Storms on Saturn and Jupiter form hailstones of pure diamond, according to a paper published for the 45th meeting of the American Astronomical Association.
Dr Kevin Baines of the University of Wisconsin-Madison and NASA's Jet Propulsion Laboratory told the delegates that when huge weather systems on the gas giants create storms, the lightning they generate changes atmospheric methane into carbon.
As this carbon falls towards the planet's surface, it hardens into graphite and then the huge pressures generated by the Solar System's largest planets transform the graphite into diamonds that would be big enough to turn into jewelry.
"The bottom line is that 1,000 tonnes of diamonds a year are being created on Saturn," said Baines, the BBC reports. "People ask me – how can you really tell? Because there's no way you can go and observe it. It all boils down to the chemistry. And we think we're pretty certain."
It takes around 6,000km of falling for the carbon to complete its transformation into diamond, but as it falls further into the gas giants it doesn't remain in that form, the scientists suggest. Eventually, around 30,000km down, the diamonds would not be able to survive.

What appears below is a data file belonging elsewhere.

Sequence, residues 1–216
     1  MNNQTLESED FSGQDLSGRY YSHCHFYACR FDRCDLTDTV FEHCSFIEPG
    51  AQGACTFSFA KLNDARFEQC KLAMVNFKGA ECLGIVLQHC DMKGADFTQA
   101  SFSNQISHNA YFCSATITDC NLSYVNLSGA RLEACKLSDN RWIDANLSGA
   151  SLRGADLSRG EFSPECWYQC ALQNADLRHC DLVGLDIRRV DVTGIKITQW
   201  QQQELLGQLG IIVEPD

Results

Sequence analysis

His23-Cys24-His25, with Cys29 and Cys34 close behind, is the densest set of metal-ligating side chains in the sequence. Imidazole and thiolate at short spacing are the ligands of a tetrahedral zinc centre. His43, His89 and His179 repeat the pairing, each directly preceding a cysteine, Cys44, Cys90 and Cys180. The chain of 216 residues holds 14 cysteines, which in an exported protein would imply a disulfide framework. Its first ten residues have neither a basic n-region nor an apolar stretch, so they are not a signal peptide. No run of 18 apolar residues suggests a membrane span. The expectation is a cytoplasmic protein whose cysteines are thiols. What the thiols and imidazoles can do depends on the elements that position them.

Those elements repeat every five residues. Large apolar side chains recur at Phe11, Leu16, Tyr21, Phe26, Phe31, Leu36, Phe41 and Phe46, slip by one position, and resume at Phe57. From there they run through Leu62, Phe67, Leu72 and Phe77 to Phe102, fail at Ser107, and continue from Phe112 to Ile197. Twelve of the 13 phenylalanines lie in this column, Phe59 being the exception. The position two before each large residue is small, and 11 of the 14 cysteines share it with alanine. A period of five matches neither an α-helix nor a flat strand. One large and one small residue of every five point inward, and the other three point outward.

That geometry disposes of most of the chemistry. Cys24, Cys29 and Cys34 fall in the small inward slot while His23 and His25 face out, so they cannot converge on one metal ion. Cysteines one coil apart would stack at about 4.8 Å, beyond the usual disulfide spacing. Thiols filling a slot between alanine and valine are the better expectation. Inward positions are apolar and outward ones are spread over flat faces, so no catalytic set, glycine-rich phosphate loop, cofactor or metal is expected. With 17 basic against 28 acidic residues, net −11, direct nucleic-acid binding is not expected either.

"Once you get down to those extreme depths, the pressure and temperature is so hellish, there's no way the diamonds could remain solid," Baines said. "It's very uncertain what happens to carbon down there. Diamonds aren't forever on Saturn and Jupiter. But they are on Uranus and Neptune, which are colder at their cores."
It has already been suggested that both Uranus and Neptune have cores that are either solid diamond or diamond coated. But Baines said that the relatively higher temperatures of Saturn and Jupiter would mean that the carbon could form in vast liquid seas near the planets' cores.
Professor Raymond Jeanloz, who co-wrote the original paper postulating diamonds in the cores of Uranus and Neptune, said that the new paper has merit, though there are still many other factors to consider.
"The idea that there is a depth range within the atmospheres of Jupiter and (even more so) Saturn within which carbon would be stable as diamond does seem sensible," Jeanloz said. "And given the large sizes of these planets, the amount of carbon (therefore diamond) that may be present is hardly negligible." ®